She'll only do what she wants to do, when she wants to do it which is brilliant.
She's put Mum in her place already.
Mum will come up and try to groom her and maybe lick her ears
and she'll shake her off straightaway. It's absolutely brilliant.
At night-time, the giraffes move back into their house.
The staff want to keep mother and calf together if at all possible,
but this is when Gertie is in most danger.
We'll be back to see if she can escape her mother's unwanted attentions.
I'm down in the hot house at Pets Corner with keeper Val McGroover.
We've come to help with the dental care for some of the fluffiest residents.
So, Val, what's the plan and what's all this about?
We've got 10 chinchillas in this enclosure and they live in here.
They're rodents and rodents' teeth continuously grow, so they need to be worn down.
So chewing away on nice bits of wood is an excellent way of doing it.
-Brilliant, so can we open this up?
-Yes, we can.
Is the plan to literally put this all around?
-That's right, yes. We lay bits of sticks around the place.
We've already got some nice big logs in there.
-Do they mind us being in here?
-No, they don't mind. They're used to people coming in and out.
With a lot of animals, the more you handle them, the more you deal with them, the better they are.
So they're used to us coming in and out all day long.
Going back to their teeth - if you didn't distribute this stuff around their enclosure, what would they do?
Right, if they don't have enough things to chew on,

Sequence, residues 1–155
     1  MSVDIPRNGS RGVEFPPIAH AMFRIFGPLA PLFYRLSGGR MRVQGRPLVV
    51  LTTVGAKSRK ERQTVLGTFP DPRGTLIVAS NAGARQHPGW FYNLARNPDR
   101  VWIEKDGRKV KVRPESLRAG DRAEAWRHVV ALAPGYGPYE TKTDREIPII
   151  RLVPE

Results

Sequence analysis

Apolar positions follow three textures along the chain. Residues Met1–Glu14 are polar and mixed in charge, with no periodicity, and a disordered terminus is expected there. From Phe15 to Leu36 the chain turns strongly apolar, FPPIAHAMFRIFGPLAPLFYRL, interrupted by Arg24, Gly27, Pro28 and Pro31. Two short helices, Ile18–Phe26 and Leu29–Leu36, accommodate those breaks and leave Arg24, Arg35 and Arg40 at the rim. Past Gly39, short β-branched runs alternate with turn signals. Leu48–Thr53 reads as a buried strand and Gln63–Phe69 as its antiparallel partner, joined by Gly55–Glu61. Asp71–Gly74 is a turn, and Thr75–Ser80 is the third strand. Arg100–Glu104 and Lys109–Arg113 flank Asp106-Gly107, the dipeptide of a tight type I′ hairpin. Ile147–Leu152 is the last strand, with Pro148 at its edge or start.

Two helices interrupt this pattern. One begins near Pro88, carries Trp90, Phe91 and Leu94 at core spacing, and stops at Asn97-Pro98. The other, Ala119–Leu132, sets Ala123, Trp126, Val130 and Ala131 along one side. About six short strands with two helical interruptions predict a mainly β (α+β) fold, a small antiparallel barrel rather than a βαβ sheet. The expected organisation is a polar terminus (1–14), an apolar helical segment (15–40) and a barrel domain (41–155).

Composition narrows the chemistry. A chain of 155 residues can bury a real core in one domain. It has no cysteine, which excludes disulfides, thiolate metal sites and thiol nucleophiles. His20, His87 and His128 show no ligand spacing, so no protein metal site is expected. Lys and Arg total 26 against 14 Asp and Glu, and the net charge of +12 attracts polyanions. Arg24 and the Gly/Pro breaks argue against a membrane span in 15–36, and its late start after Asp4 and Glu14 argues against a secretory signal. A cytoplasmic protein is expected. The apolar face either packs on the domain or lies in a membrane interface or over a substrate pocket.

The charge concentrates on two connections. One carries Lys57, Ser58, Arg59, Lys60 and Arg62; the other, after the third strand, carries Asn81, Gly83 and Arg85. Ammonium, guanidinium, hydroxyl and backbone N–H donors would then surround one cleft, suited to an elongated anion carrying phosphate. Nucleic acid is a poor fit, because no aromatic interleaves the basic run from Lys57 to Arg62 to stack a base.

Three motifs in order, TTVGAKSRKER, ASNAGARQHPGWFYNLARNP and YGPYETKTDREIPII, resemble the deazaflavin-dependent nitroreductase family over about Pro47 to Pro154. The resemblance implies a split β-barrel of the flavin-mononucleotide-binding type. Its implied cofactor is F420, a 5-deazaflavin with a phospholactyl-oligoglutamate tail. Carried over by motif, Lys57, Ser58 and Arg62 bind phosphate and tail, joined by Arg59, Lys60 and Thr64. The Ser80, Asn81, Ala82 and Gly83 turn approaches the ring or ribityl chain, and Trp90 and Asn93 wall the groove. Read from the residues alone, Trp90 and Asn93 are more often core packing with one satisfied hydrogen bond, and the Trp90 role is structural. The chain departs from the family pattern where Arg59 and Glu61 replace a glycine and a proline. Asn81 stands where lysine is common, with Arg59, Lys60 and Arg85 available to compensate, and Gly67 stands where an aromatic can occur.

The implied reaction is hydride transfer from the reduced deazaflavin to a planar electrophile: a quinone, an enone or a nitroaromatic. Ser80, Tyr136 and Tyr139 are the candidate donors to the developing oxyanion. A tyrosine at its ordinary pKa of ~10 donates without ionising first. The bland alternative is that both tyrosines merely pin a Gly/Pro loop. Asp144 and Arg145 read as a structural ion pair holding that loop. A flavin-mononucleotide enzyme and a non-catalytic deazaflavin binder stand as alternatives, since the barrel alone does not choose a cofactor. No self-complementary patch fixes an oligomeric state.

their teeth would grow and grow and they'd be deformed.
Eventually they wouldn't be able to eat so they'd starve.
It's so important to have these branches and things like that.
-Have you just collected these branches from around the estate?
Of course, we've a lovely estate here so we've got plenty of woods to choose from. You go for hardwoods.
-Softwoods would be poisonous.
Where do we want to put these?
If you direct me.
Around this side?
That would be nice, actually, by the window.
Is it a healthy mix of male and female?
-Yes, we have. We have got some castrated males in here.
We have a few females.
Because we've got a nice group, we don't want to spoil that.
-They all get on quite well.
-I don't know if the camera can see that pile of the chinchillas over there.
Are they are social creatures? Do they enjoy each other's company?
They do. They love to snuggle together.
They come from the Andes, Chile, Peru, 3000 to 5000 feet up the mountain.
They would go in little holes and things like this.
Obviously, it gets quite chilly, that's why they've got all the thick fur.
Also, snuggling up together helps to keep them warm.
I have to ask, around the walls I can see lots of crumbling paint.
Is that because it hasn't been decorated for a while?
No, it was decorated not that long ago.
Because they chew, they tend to test chew on things to see what it is.
So they will chew on virtually anything that's going.
You can see where they've been chewing on the thicker branches here as well.
No, unfortunately, they've started on the walls as well.